A news story that caught my eye during the recent graduation season came from Boston College. The fifth child of a janitor who has been working on the graveyard shift there since 1994 got her diploma at the end of May and joined her four siblings as Boston College alumni.
Fred Vautour took advantage of an employee benefit program and was thus able to receive $700,000 worth of free higher education for his five children — all first-generation college graduates. This fact sets them apart on the social scale from families on the short side of the opportunity gap, namely, those headed by parents like Fred Vautour and his wife, who top out their education with a high school diploma or less.
Most of the students with whom the Vautour children mingled in the Boston College classrooms and dormitories were from high-income families. The Vautours had the intellectual ability and the motivation to step up for a college education. The employee benefit provided to this Boston College custodial worker gave him with the wherewithal to send his children to college.
Boston College is a good place to work. It is also respectful and considerate of the dignity of its employees. An indication of this was that Mr. Vautour was invited to step up on the graduation stage and give his daughter, the fifth to graduate, her diploma.
I can only speculate on what the future holds for these five graduates. They all have now achieved a coveted portion of the American dream — they are college graduates. They will marry and have families of their own. Those families will start off on the upper half of the class divide.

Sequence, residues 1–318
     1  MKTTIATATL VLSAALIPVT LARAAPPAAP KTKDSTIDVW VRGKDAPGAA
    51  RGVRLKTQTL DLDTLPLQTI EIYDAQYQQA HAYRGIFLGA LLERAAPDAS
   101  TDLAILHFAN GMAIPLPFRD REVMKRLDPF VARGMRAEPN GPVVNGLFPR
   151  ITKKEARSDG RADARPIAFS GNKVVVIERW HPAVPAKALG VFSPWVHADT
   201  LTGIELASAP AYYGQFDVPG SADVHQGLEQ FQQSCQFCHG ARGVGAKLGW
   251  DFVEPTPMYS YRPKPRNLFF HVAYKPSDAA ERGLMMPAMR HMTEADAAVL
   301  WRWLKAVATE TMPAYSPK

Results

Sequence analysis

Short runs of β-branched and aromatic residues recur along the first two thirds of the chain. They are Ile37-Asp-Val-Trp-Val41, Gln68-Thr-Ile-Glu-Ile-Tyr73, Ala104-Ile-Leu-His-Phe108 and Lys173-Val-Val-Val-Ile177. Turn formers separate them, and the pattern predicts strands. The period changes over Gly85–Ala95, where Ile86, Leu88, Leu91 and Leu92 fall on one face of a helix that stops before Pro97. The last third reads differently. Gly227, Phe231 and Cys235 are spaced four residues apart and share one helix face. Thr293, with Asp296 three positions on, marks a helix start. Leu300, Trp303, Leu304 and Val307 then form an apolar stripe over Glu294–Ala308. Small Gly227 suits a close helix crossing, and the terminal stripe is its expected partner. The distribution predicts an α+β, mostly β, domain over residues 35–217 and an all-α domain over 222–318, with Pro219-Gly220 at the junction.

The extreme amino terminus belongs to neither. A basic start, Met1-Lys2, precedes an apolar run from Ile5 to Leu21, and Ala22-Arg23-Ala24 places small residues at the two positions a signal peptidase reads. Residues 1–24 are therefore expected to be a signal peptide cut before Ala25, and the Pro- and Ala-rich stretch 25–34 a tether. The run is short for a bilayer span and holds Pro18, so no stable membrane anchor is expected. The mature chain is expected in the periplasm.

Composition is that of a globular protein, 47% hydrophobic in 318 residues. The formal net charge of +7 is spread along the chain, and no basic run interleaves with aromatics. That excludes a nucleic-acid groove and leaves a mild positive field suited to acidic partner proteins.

It goes without saying that the Vautour children are grateful to their father who made it happen, and he is proud of them. He is also grateful to Boston College for the employee benefit.
Robert D. Putnam’s new book, “Our Kids: The American Dream in Crisis,” points out that “social class” is an ambiguous term in American culture. That’s why Putnam used parents’ education as the indicator of social class: Four-year college graduates and their children were classified “upper middle class,” while parents who had not gone beyond high school were, with their children, classified as “lower class” or “middle class.”
What Boston College has done for one of its janitors is, as the saying goes, a “class act.” Where the Vautour children will now in all probability spend their working lives is generally referred to as “upper middle class.”
At this tipping point in American life, as Putnam’s subtitle suggests, the American dream is in crisis. Generally speaking, this generation’s young people cannot presume, as their predecessors did, that they will, on average, have lifetime earnings higher than their parents. There is no guarantee of that, and the probabilities point to movement in the opposite direction.
The implications of this will become more evident in the years ahead in decisions to attend or not attend college, which college to choose, what major to select and what occupations to pursue throughout a working life.
It is all but certain that percentage-wise, there will be fewer children of privilege in the America of the future, even if we do manage to sustain a strong economy.
Jesuit Father William Byron is professor of business and society at St. Joseph’s University, Philadelphia. Email: firstname.lastname@example.org.